Ever heard of the Dancing Plaque? We hadn't heard of it either. This odd type of social hysteria seemed to originate in Europe and there were several occurrences between the 14th and 17th century. The phenomenon was first witnessed in Bernburg in the 1020s when 18 peasants sang and danced wildly around a church, but the largest occurrence that put Dancing Mania in the history books happened in Aachen, Germany in 1374. Thousands of men, women and children all took to the streets and danced about wildly until they finally collapsed from exhaustion. The next large bout of the strange mania took place in Strausburg in July of 1518. A young woman stepped out into the street and began dancing. She did so for days and within a week, thirty-four other people had joined in her contortions. By August, the number had swelled to 400. People began to die until finally the madness abated on its own. Dancing Mania was rare, but it did occur and it has left many wondering what caused such strange behavior. The people of the Middle Ages attributed the mania to a curse sent down by a saint for sins that villages were committing. Some believe that people were faking illness or had planned the events, but most dancers seemed to be in agony while dancing and begged for help with fear in their eyes. Others think that poisoning by ergot might be the culprit. Ergot is a type of mold on rye bread. This theory is dispelled by the fact that people would not all react in the same way to the hallucigenic effects of ergot poisoning. The most reasonable explanation is psychological distress and mass hysteria. The Dancing Plaque is a thing of the past that certainly was odd.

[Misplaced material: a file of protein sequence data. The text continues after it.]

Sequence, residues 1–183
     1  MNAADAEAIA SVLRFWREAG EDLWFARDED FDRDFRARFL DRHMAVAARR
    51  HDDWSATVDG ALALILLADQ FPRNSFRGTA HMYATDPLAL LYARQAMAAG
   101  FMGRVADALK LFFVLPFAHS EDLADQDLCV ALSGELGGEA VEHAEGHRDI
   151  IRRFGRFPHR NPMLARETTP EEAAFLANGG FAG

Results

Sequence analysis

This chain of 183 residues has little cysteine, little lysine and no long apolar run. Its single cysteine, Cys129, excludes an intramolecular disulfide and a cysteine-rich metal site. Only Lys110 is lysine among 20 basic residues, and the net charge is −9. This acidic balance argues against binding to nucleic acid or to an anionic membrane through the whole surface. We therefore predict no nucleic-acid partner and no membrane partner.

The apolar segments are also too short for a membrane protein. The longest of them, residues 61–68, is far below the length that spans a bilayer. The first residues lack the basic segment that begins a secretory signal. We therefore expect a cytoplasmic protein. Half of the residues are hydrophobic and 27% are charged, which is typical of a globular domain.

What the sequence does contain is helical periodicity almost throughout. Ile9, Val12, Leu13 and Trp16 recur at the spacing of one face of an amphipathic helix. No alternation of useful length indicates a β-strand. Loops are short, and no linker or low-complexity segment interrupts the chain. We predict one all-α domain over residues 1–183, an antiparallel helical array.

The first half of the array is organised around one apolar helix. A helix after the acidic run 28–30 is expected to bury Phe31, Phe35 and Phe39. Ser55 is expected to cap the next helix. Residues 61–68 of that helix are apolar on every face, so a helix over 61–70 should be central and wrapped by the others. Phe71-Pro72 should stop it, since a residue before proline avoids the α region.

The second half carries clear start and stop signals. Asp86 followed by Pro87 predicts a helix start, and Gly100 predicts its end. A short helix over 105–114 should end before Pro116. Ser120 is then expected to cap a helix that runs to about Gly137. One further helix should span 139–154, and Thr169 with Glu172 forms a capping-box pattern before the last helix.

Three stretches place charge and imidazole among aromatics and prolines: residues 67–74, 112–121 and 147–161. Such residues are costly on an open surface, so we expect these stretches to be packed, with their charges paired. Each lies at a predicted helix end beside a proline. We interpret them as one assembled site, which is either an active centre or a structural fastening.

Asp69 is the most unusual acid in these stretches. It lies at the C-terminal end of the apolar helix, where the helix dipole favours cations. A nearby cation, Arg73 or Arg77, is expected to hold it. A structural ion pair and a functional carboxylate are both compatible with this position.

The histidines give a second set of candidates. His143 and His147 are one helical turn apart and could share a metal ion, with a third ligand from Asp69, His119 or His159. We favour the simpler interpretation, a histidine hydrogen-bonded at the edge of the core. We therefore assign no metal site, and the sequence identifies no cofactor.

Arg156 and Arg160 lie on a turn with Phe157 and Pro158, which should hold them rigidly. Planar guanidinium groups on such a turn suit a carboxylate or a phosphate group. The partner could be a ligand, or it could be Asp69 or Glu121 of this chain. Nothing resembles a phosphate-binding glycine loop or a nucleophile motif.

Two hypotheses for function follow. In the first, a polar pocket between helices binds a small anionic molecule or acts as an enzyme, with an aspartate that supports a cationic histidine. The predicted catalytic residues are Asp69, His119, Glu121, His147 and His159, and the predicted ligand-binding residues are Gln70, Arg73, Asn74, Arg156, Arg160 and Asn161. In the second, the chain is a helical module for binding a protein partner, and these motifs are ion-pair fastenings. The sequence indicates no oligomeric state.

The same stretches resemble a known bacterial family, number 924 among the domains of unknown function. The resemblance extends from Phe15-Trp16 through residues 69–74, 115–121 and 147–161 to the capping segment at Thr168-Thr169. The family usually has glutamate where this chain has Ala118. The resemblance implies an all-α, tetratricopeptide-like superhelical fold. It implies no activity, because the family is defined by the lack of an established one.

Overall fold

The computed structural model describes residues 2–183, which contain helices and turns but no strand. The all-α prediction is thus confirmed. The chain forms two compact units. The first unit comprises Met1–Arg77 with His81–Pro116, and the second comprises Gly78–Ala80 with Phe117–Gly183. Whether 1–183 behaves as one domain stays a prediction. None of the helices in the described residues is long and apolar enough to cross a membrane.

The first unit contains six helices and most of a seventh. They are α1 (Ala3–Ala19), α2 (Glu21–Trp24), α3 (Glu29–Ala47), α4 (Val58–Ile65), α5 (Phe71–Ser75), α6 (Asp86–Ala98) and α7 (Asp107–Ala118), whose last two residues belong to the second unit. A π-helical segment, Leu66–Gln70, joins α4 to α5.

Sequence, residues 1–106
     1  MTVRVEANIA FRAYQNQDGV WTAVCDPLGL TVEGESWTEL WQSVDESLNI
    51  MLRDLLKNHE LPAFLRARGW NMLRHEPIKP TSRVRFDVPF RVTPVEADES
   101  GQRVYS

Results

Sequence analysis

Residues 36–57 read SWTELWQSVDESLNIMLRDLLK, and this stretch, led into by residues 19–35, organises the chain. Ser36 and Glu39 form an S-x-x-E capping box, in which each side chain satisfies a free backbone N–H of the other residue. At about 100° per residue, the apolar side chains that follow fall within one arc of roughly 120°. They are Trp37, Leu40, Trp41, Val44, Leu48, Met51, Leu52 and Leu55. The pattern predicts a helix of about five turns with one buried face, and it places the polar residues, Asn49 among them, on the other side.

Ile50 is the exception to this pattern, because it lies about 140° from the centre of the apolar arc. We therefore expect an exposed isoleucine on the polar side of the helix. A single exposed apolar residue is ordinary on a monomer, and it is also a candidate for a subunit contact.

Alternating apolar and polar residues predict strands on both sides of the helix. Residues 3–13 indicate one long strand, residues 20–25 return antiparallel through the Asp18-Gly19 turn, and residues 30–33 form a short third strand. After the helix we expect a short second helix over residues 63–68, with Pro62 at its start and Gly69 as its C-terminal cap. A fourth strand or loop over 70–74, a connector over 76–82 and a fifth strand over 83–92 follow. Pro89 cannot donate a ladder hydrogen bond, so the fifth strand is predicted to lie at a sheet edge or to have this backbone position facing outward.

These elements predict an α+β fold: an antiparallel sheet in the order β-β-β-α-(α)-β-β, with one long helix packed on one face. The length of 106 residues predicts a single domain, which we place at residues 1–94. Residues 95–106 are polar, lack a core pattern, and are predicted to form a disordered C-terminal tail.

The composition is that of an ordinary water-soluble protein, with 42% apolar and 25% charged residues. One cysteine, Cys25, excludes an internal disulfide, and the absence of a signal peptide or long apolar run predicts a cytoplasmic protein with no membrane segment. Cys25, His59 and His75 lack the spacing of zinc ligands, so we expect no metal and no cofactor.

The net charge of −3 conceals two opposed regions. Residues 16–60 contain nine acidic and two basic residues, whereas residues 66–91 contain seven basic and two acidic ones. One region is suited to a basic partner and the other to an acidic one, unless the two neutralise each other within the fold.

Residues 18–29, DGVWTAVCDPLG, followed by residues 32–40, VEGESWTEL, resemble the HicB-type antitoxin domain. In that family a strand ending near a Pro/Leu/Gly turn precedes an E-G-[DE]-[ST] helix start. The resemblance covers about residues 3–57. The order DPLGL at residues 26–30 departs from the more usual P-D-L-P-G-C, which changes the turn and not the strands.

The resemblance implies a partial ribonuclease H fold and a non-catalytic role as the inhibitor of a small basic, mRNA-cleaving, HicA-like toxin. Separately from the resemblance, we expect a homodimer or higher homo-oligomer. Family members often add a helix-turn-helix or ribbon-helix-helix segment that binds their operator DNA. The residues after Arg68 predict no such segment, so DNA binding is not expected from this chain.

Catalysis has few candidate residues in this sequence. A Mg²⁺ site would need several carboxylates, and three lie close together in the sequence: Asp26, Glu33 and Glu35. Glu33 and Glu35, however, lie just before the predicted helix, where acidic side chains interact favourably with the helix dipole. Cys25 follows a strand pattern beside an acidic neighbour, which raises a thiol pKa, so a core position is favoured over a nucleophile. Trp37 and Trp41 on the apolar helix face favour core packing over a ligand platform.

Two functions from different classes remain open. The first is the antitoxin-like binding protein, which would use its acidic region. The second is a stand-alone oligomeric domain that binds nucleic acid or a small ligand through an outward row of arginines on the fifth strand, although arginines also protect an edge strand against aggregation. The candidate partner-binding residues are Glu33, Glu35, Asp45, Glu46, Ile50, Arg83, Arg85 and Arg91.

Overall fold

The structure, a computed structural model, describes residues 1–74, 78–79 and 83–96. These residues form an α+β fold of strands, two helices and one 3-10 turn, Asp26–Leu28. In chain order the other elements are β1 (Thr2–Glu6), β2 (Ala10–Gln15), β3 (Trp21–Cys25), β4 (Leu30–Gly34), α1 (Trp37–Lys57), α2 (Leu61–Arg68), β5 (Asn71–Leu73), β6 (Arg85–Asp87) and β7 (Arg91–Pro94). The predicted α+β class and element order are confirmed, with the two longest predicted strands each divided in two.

This Day in History - St. Hilaire Train Disaster
On this day, June 29th, in 1864, the worst railway accident in Canadian history occurred. The Richelieu River flowed between Montreal and New York City and it was used as a lane of transport for goods aboard steamships. When the railway came into the area, the Belœil Bridge was built over the river. The bridge was a swing bridge, so that it could be moved when the steamships needed to get through. Swing bridges are movable bridges that rotate on a central column, so that shipping lanes on either side are opened up. On June 29th a little after 1am, a Grand Trunk train was carrying nearly 400 German and Polish immigrants as it approached the Richelieu River. The swing bridge had been opened for passing ships and a red signal light a mile before the bridge let the train conductor know that he needed to stop. The signal went unnoticed and the Grand Trunk train ran off the railway and down onto a passing barge. The train crushed the barge and sank into the river. Remarkably, many people survived, but 99 were killed, while another 100 were seriously injured. A trial later that year found the Grand Trunk Railway Company of Canada at fault for the accident.